Generally, it's handled by the distro's package management utility. For example, if I examine the contents of
postgresql-libs on my desktop (Fedora 28), I find that:
[me@risby personal]$ rpm -ql postgresql-libs
and sure enough, therein it lies:
[me@risby personal]$ head -11 /usr/share/doc/postgresql-libs/COPYRIGHT
PostgreSQL Database Management System
(formerly known as Postgres, then as Postgres95)
Portions Copyright (c) 1996-2018, PostgreSQL Global Development Group
Portions Copyright (c) 1994, The Regents of the University of California
Permission to use, copy, modify, and distribute this software and its
documentation for any purpose, without fee, and without a written agreement
is hereby granted, provided that the above copyright notice and this
paragraph and the following two paragraphs appear in all copies.
This is equally true for packages that don't come from RedHat, but from a different repo;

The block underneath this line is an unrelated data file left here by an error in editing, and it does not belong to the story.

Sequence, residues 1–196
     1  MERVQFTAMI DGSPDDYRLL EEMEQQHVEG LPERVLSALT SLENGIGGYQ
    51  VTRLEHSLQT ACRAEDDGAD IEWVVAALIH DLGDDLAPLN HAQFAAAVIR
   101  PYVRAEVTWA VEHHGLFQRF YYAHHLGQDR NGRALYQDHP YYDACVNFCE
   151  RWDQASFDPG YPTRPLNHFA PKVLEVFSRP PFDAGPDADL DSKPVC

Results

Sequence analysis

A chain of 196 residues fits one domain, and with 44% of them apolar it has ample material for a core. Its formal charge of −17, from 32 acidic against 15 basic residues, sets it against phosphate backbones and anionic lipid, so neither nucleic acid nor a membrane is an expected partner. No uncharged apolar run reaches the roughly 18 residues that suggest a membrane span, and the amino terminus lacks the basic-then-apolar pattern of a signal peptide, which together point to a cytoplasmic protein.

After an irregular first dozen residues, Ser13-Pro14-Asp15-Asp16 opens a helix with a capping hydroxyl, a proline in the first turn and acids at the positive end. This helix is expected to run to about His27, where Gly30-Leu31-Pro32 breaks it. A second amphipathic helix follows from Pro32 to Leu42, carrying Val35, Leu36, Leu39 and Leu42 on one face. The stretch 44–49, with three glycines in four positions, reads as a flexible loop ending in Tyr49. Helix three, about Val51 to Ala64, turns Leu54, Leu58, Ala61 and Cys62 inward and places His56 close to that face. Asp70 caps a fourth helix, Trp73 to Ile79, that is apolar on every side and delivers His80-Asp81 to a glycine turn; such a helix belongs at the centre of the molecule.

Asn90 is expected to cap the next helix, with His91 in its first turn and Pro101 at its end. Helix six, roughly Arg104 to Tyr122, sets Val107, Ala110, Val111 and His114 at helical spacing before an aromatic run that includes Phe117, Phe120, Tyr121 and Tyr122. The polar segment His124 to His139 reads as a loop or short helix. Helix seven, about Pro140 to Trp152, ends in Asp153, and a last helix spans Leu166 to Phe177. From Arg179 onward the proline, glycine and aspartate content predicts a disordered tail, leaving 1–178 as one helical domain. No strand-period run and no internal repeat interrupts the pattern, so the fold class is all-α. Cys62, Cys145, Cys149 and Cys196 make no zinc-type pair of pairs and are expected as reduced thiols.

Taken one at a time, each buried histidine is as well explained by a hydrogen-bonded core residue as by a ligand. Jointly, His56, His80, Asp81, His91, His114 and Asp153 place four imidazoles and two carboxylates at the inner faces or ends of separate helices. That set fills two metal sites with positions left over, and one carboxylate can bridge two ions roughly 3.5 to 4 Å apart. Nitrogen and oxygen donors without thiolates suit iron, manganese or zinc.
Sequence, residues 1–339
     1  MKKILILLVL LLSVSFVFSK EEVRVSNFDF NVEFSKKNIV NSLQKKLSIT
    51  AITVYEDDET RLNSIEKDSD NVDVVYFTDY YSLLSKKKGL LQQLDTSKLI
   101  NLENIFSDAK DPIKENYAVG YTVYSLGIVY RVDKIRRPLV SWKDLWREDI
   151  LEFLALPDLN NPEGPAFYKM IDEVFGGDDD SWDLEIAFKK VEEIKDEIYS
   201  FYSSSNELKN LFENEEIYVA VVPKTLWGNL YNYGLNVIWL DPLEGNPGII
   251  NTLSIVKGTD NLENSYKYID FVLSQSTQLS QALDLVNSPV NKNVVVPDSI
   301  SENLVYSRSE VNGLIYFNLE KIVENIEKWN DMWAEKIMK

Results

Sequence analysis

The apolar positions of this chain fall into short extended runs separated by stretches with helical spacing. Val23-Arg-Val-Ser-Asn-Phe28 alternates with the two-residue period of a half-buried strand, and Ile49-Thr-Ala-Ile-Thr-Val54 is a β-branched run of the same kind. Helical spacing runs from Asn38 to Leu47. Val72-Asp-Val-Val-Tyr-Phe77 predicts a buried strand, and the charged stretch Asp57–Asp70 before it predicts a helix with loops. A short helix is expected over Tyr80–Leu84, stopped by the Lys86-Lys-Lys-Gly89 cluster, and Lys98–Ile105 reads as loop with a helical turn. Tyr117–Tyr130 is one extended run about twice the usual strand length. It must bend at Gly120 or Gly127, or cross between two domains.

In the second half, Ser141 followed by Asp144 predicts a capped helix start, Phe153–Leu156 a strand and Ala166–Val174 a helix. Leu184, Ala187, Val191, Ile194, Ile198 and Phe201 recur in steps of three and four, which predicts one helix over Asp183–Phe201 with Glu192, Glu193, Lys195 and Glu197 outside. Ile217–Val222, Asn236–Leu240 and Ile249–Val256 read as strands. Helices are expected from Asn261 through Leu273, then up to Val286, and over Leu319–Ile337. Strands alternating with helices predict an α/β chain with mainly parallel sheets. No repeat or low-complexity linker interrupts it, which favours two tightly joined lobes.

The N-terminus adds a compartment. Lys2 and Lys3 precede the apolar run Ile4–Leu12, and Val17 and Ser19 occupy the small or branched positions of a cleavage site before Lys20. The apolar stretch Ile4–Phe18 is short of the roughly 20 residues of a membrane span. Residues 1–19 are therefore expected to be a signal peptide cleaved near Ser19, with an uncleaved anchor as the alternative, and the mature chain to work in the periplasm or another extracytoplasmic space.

rpmfusion-free includes the following files:
So you can see that although there's no standard name for the file, there's a standard approach to including it.
You're not planning on shipping binaries, you're planning on shipping an entire OS image, which is a slightly different problem. Personally, I'd encourage you not to do that, because more people will use your software if (a) it's easy to see exactly what they're installing, and (b) it interacts properly with everything else on their systems. But if you must, I'm sure you can find somewhere inside that image to package some text.